As a member of the founding team of the Hershey Montessori Farm School in Huntsburg, OH, Mr Barker is heavily interested in the origins of Erdkinder and presents us with a well-researched article. The background into the history of reform pedagogy’s concepts for the secondary school around the 1900s inspired by the Landerziehungsheime is thorough, clear, and enlightening.
Professor Tornar provides a framework in which we can clearly see how Montessori’s ideas on adolescence developed, and how they progress naturally from her thoughts on early childhood.
This article describes the synthesis of some of the work that has been the natural outcome of the collaboration of Montessorians working and communicating through conferences, journals, shared programme development, and particularly through the summer work of the Orientation to Adolescent Studies.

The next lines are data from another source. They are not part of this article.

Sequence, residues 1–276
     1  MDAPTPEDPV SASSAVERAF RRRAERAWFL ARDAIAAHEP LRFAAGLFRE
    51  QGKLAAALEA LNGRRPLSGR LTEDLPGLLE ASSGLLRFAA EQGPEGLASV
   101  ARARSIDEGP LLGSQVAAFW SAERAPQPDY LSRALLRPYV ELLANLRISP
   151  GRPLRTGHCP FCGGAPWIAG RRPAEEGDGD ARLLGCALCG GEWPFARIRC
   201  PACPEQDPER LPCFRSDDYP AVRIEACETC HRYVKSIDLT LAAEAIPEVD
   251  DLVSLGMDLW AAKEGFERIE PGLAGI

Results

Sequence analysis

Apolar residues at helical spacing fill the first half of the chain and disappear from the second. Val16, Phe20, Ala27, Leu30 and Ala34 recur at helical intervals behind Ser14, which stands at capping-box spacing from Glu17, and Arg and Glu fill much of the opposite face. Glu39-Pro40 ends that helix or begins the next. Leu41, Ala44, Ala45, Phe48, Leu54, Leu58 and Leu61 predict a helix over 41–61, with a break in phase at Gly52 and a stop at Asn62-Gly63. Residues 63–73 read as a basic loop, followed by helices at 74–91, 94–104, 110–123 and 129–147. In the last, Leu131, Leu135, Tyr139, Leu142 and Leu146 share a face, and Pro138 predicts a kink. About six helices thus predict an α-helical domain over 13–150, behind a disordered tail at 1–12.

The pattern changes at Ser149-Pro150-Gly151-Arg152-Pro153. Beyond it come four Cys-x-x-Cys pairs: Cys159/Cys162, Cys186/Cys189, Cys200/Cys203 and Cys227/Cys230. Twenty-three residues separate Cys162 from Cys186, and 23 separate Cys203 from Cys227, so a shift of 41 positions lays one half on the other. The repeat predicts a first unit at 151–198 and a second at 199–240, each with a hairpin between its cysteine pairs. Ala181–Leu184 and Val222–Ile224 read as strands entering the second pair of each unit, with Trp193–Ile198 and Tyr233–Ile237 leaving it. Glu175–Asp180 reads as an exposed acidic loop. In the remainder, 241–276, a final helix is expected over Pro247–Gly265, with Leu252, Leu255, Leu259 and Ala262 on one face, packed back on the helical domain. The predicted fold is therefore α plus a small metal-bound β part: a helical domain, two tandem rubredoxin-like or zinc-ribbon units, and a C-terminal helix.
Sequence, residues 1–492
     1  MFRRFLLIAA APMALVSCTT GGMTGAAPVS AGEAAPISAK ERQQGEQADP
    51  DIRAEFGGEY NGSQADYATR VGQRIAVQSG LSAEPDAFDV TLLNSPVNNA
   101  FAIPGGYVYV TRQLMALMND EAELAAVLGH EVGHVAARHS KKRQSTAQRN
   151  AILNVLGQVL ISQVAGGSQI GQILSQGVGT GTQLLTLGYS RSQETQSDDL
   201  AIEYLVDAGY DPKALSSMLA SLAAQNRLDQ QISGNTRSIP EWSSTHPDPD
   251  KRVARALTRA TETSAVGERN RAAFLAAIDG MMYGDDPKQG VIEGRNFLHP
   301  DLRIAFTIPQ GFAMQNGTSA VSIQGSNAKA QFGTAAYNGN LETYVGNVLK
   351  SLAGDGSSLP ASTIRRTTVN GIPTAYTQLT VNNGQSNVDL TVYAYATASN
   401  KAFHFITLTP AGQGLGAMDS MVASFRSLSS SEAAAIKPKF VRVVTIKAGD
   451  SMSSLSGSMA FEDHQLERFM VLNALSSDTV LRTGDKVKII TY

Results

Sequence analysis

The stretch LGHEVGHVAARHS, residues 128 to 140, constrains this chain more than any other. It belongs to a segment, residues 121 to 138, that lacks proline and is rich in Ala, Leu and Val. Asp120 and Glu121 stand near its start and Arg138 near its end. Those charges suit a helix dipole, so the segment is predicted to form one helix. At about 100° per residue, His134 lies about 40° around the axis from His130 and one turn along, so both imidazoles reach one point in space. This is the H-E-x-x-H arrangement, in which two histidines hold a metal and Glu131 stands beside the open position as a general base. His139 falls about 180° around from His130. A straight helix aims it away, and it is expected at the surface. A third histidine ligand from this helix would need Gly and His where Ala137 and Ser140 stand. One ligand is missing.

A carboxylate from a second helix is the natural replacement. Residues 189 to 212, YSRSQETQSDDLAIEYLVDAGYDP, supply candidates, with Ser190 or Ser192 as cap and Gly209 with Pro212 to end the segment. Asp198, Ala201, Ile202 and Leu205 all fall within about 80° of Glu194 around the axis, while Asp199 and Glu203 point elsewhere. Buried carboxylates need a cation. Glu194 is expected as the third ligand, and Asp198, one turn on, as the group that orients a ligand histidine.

Ms Salassa presents an account of data in order to reconstruct some significant experiences carried out in Italy in the late 1950s up to today, giving a brief outline from both a historical and a didactic-pedagogical point of view.
In his speech delivered in 1970 in Paris at the Montessori Congress held in occasion of UNESCO’s centenary celebration of Dr Montessori’s birth, Herman J. Jordan describes the early stages in the establishment of a new Montessori lyceum, its development and the principles guiding the work of the founders.
The Montessori Lyceum of Amsterdam (MLA) is the oldest Montessori secondary school in the world. Although Maria Montessori had obviously started thinking about adolescent education long before its establishment in 1930, no other organization, or association of parents, had taken concrete steps towards the realization of an adolescent environment along Montessori principles. This account offers some interesting historical insights in how the Dutch communicated with Dr Montessori on the establishment of such a school.
‘The first duty of the educator, whether he is working with the newborn infant or an older child, is to recognize the human personality of the young being and respect it’. This quotation by Maria Montessori is leading in Ms Hoglund’s expose on the significance of valorization, and what elements are the most important contributory factors.